|231: The Summer Chapel, Highlands, North Carolina, USA|
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Mystery Worshipper: Orestes.
The church: The Summer Chapel, Highlands, North Carolina, USA.
Denomination: Episcopal Church in the USA.
The building: The chapel is an old, white clapboard structure of charmingly simple design. Above the central front door is a small bell tower. The interior is starkly plain. Large windows of clear glass open onto the surrounding woods. The ornamentation consists only of a handwrought iron cross mounted on the wall behind the altar and the flags of the United States and the Episcopal Church.
The neighbourhood: The chapel sits at the rear of a small lawn that backs up to a deep forest. From the front yard one views "Whiteside", the sheer face of a prominent mountain of the Blue Ridge. The setting is American pastoral at its very best.
The cast: Rev. Jim Theus.
What was the name of the service?
How full was the building?
The chapel seats about 50 and was completely filled.
Did anyone welcome you personally?
I was greeted at the door by an usher's warm smile and friendly good morning. The friends I arrived with were acquainted with a number of members of the congregation, so there were several introductions and friendly greetings.
Was your pew comfortable?
The pews are rustic, but not uncomfortable, with seats of adequate depth and rail backs. There were no cushions or kneelers. Prayers were spoken standing.
How would you describe the pre-service atmosphere?
A cheerful buzz. It was the penultimate Sunday of the summer season. Many in the congregation were chatting with others about their departure plans. The chapel was filled almost 30 minutes before the service was scheduled to begin.
What were the exact opening words of the service?
"Is there a bell ringer in the congregation?" In response, a young boy raised his hand and was led to the bell rope next to the front door and allowed to ring the bell.
What books did the congregation use during the service?
A service booklet (Rite II with Eucharistic Prayer C) and a song book of mostly 19th-century vernacular standards.
What musical instruments were played?
Piano, guitar and banjo.
Did anything distract you?
No. The entire setting, the congregation, the music and the liturgy were all perfectly of a piece. Perhaps the seamlessness of the entire experience crossed my mind at inopportune moments.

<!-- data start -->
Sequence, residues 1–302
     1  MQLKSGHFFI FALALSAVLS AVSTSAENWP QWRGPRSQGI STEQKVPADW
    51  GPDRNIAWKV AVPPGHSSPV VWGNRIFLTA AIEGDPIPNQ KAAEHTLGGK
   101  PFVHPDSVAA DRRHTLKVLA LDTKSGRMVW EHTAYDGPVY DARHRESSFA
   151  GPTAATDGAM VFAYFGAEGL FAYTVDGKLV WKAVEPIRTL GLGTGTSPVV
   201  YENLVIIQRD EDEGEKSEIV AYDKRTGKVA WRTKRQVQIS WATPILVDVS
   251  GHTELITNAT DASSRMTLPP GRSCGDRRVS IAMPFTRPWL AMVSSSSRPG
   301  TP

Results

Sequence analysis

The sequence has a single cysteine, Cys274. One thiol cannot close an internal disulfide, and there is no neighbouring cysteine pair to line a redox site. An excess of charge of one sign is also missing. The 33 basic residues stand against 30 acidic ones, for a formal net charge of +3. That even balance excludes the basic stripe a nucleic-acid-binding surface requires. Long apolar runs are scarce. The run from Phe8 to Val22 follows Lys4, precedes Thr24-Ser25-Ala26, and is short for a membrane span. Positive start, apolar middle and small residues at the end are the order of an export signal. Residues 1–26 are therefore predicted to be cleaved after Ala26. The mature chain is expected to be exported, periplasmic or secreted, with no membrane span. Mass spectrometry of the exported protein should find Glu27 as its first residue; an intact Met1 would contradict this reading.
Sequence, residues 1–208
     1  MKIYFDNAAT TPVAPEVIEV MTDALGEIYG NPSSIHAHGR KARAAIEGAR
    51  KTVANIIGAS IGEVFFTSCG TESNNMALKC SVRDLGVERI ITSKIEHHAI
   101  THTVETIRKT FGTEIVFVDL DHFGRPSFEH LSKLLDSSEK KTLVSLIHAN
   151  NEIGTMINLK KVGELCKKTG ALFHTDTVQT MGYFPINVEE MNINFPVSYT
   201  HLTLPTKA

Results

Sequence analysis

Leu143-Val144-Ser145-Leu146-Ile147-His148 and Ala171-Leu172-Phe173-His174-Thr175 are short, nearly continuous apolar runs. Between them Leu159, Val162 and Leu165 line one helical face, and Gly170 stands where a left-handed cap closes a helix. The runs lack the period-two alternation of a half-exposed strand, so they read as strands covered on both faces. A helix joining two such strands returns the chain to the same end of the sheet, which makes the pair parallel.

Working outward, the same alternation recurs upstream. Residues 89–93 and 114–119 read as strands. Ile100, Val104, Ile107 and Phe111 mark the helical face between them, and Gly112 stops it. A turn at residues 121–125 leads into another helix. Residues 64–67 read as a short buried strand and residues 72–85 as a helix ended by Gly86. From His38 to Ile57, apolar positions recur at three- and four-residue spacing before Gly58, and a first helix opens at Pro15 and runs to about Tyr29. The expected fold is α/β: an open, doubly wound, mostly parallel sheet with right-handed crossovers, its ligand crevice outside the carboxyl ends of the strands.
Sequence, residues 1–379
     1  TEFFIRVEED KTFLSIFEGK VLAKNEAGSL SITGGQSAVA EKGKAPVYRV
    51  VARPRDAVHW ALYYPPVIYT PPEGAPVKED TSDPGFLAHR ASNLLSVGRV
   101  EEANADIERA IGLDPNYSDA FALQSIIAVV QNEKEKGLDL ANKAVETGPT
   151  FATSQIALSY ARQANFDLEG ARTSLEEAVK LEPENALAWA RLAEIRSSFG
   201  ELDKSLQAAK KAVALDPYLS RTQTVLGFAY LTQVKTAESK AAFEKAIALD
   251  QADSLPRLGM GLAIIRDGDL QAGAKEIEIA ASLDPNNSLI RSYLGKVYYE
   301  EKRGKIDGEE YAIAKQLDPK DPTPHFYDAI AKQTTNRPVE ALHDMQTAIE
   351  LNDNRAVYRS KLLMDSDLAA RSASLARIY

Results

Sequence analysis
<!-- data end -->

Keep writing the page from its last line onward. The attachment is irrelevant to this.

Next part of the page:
Was the worship stiff-upper-lip, happy clappy, or what?
The atmosphere was reverential, yet cheerful, or rather, joyful. Responses and prayers were spoken forthrightly, and hymns were played and sung with enthusiasm.
Exactly how long was the sermon?
On a scale of 1-10, how good was the preacher?
6 the preacher was relaxed and colloquial in his addresss. It was obvious that he knows many in the congregation well.
In a nutshell, what was the sermon about?
The preacher took as his texts the first reading (Joshua 24) and the Gospel (John 6:60-69) to explore the significance of our being people of the covenant, and the nature of the covenant we have entered. It is a bond that we, in our frailty, will inevitably break, but which God, in his strength, never will.
Which part of the service was like being in heaven?
The perfection of the whole the pastoral setting, the charming rusticity of the chapel, the simplicity of the service and the message of the sermon, the genuine, almost palpable, sense of community among members of a seasonal, temporary community.
And which part was like being in... er... the other place?
What happened when you hung around after the service looking lost?
As I was with friends, there was no looking lost.
How would you describe the after-service coffee?
There was none. The congregation mingled on the lawn briefly after the service.
How would you feel about making this church your regular (where 10 = ecstatic, 0 = terminal)?
10. It would certainly be my regular church if I summered in Highlands. It is, of course, only operated as a "summer chapel" and is not an established parish.
Did the service make you feel glad to be a Christian?
What one thing will you remember about all this in seven days' time?
The sense of well-being created by the entire experience.